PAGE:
Back in the early 1990s, illegally dumped tires piled up by the millions across northern Utah.
Those waste piles are shrinking, thanks to the state’s tire-recycling program, funded by a $1 fee on every new tire sold. But a legislative audit released Wednesday found the program’s goals are not being fully realized.
Turns out, Utah motorists are generating far more waste tires than are collected for recycling— despite unused capacity among the four firms authorized to process the old rubber.
Meanwhile, the state’s tire fund has ballooned during the past decade from practically nothing to $4.6 million, indicating that it takes in more money than it spends on cleanups and subsidies that promote recycling.
“We are concerned by the gap between the number of waste tires generated and the number that are recycled,” audit supervisor Matthias Boone told the Legislative Audit Subcommittee on Wednesday.
A consequence of this gap is the accumulation of old tires in places like Lee Kay Ponds west of Salt Lake City. This wetland area, popular with birders who enjoy observing avian life that congregates there in winter, was among four cleanups authorized last year.
Department of Environmental Quality Executive Director Alan Matheson highlighted the Lee Kay cleanup, which removed nearly 4,000 tires, in this year’s “State of the Environment” report.
The audit recommends DEQ’s tire program expand the ways its money can be used. A bill sponsored by Sen. Scott Sandall, R-Tremonton, proposes allowing small counties to recoup the full cost of cleanups, up from the 60 percent currently available.
“The fund could support this legislation [SB46]," Boone said, “and help rural counties with their cleanup efforts.”
Utah is among six states that subsidize tire recycling, but it is the only one that doesn’t track waste tires through a manifest system. Boone recommended DEQ study the feasibility of such a system and maintain a list of all Utah sites where old tires are dumped.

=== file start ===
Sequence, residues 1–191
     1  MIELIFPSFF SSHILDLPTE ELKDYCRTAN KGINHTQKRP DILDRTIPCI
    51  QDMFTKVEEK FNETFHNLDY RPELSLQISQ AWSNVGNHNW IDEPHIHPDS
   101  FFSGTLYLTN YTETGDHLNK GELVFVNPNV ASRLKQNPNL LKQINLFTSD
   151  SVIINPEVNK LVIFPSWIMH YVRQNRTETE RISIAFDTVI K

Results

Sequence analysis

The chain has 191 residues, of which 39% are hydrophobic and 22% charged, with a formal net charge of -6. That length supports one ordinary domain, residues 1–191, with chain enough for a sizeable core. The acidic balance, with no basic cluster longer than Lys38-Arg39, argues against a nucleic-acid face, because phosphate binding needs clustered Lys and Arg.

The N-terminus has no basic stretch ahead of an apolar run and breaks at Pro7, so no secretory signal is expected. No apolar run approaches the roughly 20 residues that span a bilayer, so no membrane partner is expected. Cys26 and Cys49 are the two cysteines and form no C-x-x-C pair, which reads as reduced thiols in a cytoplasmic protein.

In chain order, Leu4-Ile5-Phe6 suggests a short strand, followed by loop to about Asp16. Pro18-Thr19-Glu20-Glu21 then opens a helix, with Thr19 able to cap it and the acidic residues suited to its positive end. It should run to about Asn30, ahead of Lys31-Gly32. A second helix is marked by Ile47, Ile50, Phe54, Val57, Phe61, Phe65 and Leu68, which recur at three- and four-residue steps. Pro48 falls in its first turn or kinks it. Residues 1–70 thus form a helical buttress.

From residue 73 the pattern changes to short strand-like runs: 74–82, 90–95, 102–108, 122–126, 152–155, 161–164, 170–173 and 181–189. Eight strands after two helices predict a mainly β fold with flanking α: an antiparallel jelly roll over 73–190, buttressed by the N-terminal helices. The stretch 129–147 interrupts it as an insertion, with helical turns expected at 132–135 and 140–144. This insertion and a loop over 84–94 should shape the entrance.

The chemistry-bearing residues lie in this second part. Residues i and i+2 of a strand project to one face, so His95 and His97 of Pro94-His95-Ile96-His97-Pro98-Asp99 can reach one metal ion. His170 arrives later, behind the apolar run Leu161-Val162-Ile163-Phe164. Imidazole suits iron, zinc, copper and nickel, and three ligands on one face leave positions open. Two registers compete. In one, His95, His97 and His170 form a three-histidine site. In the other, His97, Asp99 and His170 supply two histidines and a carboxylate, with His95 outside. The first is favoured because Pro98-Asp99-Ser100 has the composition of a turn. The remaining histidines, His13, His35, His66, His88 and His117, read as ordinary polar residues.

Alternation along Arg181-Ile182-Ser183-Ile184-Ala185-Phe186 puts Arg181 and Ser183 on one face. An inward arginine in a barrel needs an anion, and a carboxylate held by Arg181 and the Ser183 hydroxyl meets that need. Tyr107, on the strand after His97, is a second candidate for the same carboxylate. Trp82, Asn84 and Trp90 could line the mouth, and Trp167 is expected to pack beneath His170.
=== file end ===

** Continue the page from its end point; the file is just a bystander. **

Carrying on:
Tires continue turning up in gulches, on shorelines and in vacant lots, Boone said. Cities report that large quantities are dumped overnight or abandoned on leased properties.
These piles bring environmental and public health risks. Tires, which don’t biodegrade or compact, are combustible and leach chemical residues into water and soils. They also harbor disease-carrying rodents and mosquitoes.
Despite the program’s shortcomings, it has led to the recycling of at least 47 million tires since its inception in 1990, as well as the collection of 2.2 million from abandoned stockpiles, according to DEQ’s waste management division.
Last year, the tire fund spent $3 million to support cleanups and the sale of 46,000 tons of products derived from waste tires, typically crumb rubber used on athletic fields and fuel chunks burned in cement kilns.
The two cement producers reported to auditors they would burn coal instead of rubber if not for the incentives provided by the fund. But the audit discovered many holes that tires fall through, preventing them from reaching recyclers.
Of the 25 landfill operators surveyed by auditors, 10 reported burying tires with other waste in violation of state law; eight said they could not afford to transport tires to recyclers; and five reported being unaware of the program’s incentives. Two acknowledged accepting old tires by the truckload, Boone said, far in excess of a four-tire limit on the number landfills can accept at one time from one person.
Matheson appeared before the audit subcommittee Wednesday to endorse the audit’s recommendations.
“We appreciate this audit,” he told lawmakers. “It’s important to get fresh eyes on it.”
He noted, however, that regulations sometimes carry unintended consequences that undermine their purpose.
“That four-tire limit, for example,” he said, “creates an incentive to not bring in their tires, toss it in the gully.”